The voices from the forest

The Ethiopian state is territorially organized according to ethnicity To date the chabu are not officially recognized by the government which makes it difficult for them to access services such as health or education This together with the deforestation caused by the implantation of large coffee plantations and the arrival of settlers from other parts of the country places them in a position of exclusion and at risk of disappearance as a culture and even as a people

The voices from the forest

A child waits at the table of a settlement establishment for settlers owned by a multinational coffee company

The voices from the forest

Adolescent men and women have their own doku house from a very young age from the age of 9 or 10 They live separately and are used only for sleeping They are minimal constructions that they have until they form a family

The voices from the forest

A group of Chabu men set up a newly manufactured beehive near their village The production of honey is very important for the economy of the chabu since in addition to their daily food they use it for trade in local markets

The voices from the forest

A moment of a ritual dance carried out by women in which elements of their culture are mixed with other Christians The evangelical missions are another of the risks that the Chabu people face since they promote the eradication of culture especially their religious practices and other customs such as co-breeding or their traditional dances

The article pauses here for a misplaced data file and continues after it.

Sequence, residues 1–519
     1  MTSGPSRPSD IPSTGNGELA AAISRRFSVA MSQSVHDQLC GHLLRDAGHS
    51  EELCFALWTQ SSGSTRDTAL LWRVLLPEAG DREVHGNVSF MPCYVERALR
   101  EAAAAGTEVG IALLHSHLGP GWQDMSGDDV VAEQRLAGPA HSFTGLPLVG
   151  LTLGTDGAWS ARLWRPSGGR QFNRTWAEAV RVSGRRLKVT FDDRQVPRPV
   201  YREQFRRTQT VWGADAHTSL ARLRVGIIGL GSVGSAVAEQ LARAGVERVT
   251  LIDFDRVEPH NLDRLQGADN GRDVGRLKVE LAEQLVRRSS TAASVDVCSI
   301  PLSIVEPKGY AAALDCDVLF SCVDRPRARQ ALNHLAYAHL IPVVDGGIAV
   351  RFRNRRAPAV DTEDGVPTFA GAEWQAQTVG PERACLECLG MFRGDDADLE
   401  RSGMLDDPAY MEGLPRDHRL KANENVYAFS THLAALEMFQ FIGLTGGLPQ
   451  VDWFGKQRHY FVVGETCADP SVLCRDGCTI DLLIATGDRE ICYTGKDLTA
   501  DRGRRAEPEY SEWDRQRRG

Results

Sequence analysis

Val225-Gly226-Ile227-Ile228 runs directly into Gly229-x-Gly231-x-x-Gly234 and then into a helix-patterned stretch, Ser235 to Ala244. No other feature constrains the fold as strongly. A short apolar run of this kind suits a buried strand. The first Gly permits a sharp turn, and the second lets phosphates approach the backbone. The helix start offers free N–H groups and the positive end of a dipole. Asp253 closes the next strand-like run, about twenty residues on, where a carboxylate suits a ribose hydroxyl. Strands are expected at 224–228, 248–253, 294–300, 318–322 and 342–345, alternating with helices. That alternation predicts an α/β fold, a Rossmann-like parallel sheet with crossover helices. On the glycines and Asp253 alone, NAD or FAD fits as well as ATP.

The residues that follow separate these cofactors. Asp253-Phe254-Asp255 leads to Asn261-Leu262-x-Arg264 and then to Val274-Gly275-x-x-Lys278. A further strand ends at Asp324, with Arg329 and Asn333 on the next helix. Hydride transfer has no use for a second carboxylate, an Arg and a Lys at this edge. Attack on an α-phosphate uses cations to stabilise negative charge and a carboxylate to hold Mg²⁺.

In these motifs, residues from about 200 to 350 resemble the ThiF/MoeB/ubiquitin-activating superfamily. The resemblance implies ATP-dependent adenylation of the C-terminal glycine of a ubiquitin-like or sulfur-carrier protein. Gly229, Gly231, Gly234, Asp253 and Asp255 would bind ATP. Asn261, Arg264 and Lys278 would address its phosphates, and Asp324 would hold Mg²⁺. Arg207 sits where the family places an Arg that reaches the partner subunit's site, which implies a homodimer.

The voices from the forest

A group of women walk down the road to the area s Christian church

The voices from the forest

Two girls from the same family prepare the typical Ethiopian food the enjera at the door of their hut in the forest among corn plantations

The voices from the forest

Two men prepare an animal trap in the forest near the village Until the 1970s anthropologists and linguists knew practically everything about this population which lived independently of other cultural groups in the region such as the Shekka or the Majanj Until the 90s its economy was based on hunting fishing and gathering being one of the few hunter-gatherer societies that have culturally survived to this day Today multiple factors threaten their survival The main threat is the loss of their lands by highland settlers who take away their lands and force them to live in a more sedentary way